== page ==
48           Against this though must be weighed the argument that, if Dr Crawford is incorrect and if in fact the Claimant’s case correctly identifies his reasonable needs as including care at the level now being claimed, he would suffer prejudice as a result of not receiving appropriate care and therapeutic input pending a trial that may be two years hence. This prejudice is at least as great as that which may be caused to the Defendant. In my judgment, this argument should not lead to a situation in which the court declines to make award of an interim payment at this stage. However, it remains relevant to the exercise of the appropriate caution under the Eeles test as to the amount of any award.
49           I turn to the next matter which is the extent to which the court should take into account losses that may accrue between now and the trial of this case as part of the measure of what is a reasonable proportion of those damages. The judgment of Yip J in PAL v Davison provides a principled approach to determining this. Since the very purpose of the claim for damages is a case such as this is to provide sums for rehabilitation and care both before and after trial, the inclusion of a reasonable figure to reflect the value of such claims in making the calculation under Stage 1 of Eeles is perfectly proper. However the court must be alert to the risk of over-compensating the Claimant or at the very least tying the hands of the trial judge as to the making of an appropriate periodical payments order. This is particularly likely to be so where (as here):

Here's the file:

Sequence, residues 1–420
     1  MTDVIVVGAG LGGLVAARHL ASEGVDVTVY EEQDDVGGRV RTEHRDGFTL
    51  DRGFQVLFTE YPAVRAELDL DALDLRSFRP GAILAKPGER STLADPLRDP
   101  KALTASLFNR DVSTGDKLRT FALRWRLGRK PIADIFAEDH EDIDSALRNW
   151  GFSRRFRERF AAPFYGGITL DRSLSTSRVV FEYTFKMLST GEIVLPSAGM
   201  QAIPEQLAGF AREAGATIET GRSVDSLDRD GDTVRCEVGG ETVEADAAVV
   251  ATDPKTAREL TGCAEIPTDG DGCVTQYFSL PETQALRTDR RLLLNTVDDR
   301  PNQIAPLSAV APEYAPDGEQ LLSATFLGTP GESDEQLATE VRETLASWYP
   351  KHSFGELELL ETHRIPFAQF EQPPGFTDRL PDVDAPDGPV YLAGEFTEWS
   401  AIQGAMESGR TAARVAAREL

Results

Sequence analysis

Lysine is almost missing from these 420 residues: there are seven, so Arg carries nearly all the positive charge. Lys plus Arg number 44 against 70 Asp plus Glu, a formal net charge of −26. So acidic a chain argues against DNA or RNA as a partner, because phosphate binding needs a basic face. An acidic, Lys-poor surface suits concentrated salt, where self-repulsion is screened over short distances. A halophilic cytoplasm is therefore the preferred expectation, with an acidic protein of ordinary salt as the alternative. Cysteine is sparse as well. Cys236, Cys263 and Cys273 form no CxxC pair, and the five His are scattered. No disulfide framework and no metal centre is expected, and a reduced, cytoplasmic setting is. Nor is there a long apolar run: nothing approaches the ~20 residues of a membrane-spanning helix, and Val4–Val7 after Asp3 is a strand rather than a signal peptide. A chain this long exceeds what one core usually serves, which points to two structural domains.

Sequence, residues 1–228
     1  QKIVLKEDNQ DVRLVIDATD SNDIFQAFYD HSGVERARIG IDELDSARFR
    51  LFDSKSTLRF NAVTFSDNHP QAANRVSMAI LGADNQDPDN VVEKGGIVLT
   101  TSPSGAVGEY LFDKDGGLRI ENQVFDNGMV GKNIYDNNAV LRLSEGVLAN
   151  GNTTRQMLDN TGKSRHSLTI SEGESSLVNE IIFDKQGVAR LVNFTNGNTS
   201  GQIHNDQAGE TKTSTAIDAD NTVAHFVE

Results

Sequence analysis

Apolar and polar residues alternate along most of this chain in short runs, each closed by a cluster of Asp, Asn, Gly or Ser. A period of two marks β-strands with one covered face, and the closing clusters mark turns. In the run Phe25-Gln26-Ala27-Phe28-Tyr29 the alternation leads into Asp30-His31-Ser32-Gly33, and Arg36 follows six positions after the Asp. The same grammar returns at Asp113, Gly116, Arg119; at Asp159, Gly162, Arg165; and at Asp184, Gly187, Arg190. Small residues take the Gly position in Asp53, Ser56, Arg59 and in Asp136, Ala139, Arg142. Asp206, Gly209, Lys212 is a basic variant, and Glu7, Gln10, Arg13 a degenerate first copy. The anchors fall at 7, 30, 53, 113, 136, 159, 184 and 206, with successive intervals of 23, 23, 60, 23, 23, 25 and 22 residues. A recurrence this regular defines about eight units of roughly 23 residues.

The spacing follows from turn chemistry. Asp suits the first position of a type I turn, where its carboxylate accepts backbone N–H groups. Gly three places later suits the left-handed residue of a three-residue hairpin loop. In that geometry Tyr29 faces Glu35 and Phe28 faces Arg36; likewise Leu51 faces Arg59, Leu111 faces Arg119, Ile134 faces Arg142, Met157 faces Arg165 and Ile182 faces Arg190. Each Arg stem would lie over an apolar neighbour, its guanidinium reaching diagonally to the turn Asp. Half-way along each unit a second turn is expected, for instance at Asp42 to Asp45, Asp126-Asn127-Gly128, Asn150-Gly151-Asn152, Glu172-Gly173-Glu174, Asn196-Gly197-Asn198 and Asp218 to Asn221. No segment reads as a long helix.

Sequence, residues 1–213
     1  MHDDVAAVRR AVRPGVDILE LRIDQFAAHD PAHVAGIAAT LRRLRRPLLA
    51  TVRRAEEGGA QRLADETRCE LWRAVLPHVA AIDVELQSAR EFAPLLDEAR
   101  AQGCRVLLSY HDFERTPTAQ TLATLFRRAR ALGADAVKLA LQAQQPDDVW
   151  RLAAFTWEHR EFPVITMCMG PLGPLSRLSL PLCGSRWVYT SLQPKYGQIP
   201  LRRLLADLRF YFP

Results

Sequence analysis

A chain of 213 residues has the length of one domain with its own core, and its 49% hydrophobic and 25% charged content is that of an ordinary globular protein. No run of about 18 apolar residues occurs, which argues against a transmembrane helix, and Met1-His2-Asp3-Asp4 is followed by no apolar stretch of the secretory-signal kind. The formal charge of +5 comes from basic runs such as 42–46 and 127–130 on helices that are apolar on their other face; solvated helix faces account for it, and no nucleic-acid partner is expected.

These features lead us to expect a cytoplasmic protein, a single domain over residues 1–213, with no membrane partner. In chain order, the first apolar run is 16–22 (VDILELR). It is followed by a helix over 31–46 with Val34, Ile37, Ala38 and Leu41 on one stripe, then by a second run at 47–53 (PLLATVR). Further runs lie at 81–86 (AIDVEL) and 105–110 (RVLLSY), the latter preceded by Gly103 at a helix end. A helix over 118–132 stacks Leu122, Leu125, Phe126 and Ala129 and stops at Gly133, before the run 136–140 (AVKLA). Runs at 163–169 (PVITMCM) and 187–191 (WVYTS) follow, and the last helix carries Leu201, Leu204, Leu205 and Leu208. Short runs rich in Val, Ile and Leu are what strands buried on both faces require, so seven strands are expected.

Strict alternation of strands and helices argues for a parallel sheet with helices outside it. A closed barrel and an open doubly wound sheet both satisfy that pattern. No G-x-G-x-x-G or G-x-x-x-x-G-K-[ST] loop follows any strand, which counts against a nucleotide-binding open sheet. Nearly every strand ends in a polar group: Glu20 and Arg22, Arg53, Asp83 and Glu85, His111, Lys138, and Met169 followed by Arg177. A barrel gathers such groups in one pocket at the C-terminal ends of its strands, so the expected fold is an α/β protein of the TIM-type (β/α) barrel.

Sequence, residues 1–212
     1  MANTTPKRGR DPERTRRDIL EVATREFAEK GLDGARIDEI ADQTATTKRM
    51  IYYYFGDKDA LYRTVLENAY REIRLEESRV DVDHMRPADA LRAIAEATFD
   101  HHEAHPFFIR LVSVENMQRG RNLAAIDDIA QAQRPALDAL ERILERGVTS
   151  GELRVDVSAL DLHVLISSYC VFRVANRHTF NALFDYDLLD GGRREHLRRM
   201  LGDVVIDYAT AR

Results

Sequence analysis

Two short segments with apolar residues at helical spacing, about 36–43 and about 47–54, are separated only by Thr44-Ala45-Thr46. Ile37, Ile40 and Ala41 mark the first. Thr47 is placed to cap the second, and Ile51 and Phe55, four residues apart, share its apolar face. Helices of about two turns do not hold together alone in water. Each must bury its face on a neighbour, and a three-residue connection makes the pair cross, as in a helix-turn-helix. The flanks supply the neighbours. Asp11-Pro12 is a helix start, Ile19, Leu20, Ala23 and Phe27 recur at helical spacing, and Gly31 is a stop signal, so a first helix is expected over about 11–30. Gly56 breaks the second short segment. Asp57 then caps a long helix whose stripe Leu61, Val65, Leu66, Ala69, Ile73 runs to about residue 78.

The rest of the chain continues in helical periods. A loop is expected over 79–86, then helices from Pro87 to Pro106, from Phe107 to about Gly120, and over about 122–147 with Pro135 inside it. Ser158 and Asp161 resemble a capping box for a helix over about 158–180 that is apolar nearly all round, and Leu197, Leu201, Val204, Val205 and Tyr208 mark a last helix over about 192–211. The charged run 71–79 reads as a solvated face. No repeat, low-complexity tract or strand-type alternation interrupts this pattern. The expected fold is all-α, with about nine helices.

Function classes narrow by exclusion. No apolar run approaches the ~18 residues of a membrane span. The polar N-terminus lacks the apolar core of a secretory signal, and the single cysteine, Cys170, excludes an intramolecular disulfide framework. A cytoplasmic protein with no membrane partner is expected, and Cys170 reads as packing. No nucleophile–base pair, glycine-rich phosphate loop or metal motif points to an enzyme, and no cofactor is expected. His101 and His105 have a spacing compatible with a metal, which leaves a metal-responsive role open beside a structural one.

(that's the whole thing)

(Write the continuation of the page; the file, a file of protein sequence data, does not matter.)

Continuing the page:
a.              The Claimant will only recover a proportion of his reasonable needs;
b.             There is a dispute as to what those needs are.
50           In considering on the length of time over which the calculation is made, one must bear in mind:
a.              The longer the period and therefore the higher the damages that are properly to be taken into account in calculating the interim payment, the greater the risk of over-compensation and/or tying the hands of the trial judge as to the terms of a periodical payments order;